November 29, 2003
The Land of Land Iguanas
DAY 38: Manuel was tidying up the lounge area in the morning while I was waiting for the first diving group to return. He poured himself a drink and told me it was his wife's birthday back at home. "Salud," he said as he raised his glass.
"Salud!" I reciprocated. Funny, I had no idea he was married all that time.
"IT WAS AN AMAZING DIVE!" Sergei the Hamburger said. (He's from Hamburg, Germany, silly.) "Twelve hammerheads swam right by us, maybe just one meter away!"
"Do you take travelers' checks?" Sonya asked Ty, who wasn't intending on diving until she heard all the raves. She joined me, Sylvain and Carolina in the second group at Gordon Rocks.
Underwater, we swam around the rocks that reached deep down to the ocean floor. For a majority of the time, the water was relatively warm, until we entered this one small patch of extremely cold water, which strengthened my theory that most warm ocean water is just urine from those kids who pee during family beach trips -- I was one of them -- and we had just stumbled upon the one small patch of real ocean water.
A sea turtle swam near us as we scaled up a pile of volcanic rocks. I looked up and above us two hammerheads swam nearby with their eyes on the sides of their weirdly-shaped heads that would probably come in handy if a person with high hair ever sat in front of them at the movie theater. The hammerhead sighting was only temporary and not as awesome as the one the first group had, but it was a thrill nonetheless.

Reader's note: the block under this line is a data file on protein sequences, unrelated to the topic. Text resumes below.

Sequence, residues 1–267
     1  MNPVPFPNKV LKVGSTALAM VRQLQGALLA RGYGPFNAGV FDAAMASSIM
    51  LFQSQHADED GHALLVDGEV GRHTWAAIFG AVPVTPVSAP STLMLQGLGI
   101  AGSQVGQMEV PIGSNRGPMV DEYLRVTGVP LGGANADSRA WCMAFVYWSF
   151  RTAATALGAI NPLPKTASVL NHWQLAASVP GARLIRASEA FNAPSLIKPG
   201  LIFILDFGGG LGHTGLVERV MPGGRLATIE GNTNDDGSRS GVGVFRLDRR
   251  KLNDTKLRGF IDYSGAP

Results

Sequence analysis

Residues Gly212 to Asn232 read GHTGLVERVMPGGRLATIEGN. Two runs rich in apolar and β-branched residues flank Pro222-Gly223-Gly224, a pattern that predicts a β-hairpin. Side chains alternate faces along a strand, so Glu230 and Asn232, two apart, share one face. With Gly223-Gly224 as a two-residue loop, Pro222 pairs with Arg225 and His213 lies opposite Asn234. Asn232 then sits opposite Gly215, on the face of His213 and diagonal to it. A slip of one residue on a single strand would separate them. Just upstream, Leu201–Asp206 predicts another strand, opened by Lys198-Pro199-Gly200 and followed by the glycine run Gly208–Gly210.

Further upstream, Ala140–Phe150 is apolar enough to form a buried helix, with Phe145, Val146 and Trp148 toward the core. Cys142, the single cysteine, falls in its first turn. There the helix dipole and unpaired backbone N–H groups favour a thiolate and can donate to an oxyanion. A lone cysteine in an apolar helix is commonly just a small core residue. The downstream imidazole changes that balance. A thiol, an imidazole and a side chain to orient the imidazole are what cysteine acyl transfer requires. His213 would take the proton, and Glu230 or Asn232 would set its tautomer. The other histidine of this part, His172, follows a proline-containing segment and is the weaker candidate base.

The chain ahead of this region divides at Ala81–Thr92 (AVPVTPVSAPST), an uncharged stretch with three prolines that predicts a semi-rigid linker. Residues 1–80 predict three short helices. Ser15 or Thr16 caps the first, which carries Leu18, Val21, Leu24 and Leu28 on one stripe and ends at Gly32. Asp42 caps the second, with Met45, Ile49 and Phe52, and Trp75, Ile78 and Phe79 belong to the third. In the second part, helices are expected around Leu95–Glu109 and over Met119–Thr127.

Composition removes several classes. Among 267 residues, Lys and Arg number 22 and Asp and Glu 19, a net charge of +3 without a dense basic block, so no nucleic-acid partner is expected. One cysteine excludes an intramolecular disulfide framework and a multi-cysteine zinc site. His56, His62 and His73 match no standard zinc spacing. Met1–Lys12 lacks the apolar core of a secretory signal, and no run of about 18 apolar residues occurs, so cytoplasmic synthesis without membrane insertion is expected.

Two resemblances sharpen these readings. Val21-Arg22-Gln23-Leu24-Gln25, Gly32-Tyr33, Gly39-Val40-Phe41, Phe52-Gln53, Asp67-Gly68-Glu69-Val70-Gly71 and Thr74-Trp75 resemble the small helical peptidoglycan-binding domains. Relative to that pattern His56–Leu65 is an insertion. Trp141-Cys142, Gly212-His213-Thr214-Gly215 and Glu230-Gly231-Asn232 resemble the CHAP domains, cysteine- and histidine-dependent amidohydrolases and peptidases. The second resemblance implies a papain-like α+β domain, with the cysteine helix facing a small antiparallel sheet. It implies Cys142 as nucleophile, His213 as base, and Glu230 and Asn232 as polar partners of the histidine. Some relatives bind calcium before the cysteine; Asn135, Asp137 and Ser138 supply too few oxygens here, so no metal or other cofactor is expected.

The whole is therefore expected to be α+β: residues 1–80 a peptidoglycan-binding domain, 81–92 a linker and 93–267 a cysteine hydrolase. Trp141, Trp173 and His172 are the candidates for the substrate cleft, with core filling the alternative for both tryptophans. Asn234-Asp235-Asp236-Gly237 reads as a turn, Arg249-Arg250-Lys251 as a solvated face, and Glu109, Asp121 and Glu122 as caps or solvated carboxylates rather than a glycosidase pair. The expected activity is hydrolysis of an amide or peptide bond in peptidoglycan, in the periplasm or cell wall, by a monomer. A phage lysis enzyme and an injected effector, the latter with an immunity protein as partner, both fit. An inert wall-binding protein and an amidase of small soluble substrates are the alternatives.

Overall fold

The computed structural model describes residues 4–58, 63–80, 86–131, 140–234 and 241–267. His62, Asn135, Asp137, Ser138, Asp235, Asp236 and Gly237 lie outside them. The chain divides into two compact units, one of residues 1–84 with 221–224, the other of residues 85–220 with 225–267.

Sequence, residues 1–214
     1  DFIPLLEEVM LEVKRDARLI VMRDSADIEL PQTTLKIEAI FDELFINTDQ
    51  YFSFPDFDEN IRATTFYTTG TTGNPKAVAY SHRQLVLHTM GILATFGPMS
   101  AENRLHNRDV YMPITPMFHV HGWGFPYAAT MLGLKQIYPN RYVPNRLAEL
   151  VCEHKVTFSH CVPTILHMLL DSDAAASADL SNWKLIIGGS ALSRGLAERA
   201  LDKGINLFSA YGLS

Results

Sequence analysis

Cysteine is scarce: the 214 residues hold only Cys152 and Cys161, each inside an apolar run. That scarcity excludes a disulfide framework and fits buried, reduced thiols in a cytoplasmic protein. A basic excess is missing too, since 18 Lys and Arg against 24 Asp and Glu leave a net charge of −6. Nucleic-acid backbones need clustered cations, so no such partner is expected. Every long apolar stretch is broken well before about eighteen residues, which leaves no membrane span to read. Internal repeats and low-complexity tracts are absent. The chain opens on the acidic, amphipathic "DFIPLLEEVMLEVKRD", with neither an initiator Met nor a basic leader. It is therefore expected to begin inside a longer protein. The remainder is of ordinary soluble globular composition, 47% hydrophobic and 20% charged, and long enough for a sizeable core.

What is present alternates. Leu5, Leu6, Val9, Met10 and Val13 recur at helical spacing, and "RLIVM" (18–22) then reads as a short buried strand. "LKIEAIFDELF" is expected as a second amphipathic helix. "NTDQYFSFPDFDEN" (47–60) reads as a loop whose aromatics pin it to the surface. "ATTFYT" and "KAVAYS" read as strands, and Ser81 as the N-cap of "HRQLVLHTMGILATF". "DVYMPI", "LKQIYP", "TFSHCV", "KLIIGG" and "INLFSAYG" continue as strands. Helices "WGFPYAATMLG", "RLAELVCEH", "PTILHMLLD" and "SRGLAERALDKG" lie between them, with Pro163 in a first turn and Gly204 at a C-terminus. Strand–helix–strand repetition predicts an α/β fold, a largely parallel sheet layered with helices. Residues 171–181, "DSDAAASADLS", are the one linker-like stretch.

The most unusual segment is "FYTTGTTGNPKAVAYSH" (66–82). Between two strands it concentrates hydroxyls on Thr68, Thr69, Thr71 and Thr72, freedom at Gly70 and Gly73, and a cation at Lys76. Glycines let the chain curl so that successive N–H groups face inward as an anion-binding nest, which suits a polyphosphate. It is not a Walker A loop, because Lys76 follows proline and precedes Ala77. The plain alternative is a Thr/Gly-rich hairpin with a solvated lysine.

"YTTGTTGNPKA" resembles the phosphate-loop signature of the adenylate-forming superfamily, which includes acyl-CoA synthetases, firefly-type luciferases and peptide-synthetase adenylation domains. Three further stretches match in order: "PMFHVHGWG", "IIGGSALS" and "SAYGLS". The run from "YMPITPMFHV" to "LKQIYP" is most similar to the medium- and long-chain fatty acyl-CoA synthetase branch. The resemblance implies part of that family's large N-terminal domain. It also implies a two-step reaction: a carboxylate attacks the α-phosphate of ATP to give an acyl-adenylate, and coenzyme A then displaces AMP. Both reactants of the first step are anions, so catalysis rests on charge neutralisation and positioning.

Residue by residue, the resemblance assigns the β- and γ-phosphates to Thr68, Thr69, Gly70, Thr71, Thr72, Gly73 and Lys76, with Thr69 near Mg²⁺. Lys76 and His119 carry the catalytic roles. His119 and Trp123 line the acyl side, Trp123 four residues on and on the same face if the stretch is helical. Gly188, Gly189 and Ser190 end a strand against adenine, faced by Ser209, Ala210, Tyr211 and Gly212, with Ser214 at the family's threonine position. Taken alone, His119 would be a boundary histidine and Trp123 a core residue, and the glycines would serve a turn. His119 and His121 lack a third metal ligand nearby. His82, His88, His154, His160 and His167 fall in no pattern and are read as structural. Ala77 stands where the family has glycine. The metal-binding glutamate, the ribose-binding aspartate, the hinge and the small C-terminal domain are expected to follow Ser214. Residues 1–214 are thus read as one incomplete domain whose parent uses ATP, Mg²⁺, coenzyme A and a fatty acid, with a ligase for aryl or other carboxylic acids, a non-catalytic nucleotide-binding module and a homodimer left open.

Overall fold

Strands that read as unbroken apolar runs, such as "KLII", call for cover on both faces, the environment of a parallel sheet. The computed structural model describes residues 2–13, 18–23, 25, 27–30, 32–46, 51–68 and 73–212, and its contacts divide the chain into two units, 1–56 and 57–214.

Post-lunch snorkel time was off the rocky coast of Isla Santa Fe. A family of about five sea lions swam around me and played chicken. One by one, each would come straight towards me like a torpedo and then swerve at a 90 degree angle at the last minute to avoid collision. Tatjiana warned me from the dingy that I was getting too close to a male harbormaster, so I steered clear of sea lions after that.
I managed to find an eagle ray flying through the hydroscape, flapping its wings through the clear blue water, followed by a sea turtle. Animals just seem to pop up at convenient times in these parts. While I explored some of the rocks, I noticed a sea snake slithering between the crevices. When I told the others on board that I had seen one, they didn't believe me, saying that I had just seen an eel. But I pointed out a picture in Maartin's animal book -- I had found the one species of sea snake found in the entire archipelago, the very rare -- and very venomous -- yellow-bellied sea snake. It's a shame I didn't have a picture developed from my underwater camera to show them at the time. (I know it's hard to see; it's a digital photo of a developed photo of a blurry shot, but at least I'm still alive.)
"Smell the scent of these tree," he said. "They burn this like incense and it keeps mosquitos away." One by one we touched the sap and smelled the sweet mushroom/licorice scent.
"Be careful with this. You must wash your hands right away because it becomes infectious." We were far away from any sink or even the ocean and we all had looks on our face like a midget had suddenly appeared from behind a tree wearing a Speedo.
We must have been a real annoyance since the women started getting cranky too and made us flinch a couple of times. Luckily Manuel, who was not only a waiter and bartender but a sailor as well, came in a dingy before any unfortuante incidents.
If you enjoy this daily travel blog, please post a comment! Give me suggestions, send me on missions, let me know how things are going back home in the USA. Knowing that I have an audience will only force me to make this blog more entertaining as the days go by. Donīt forget to bookmark it and let a friend know!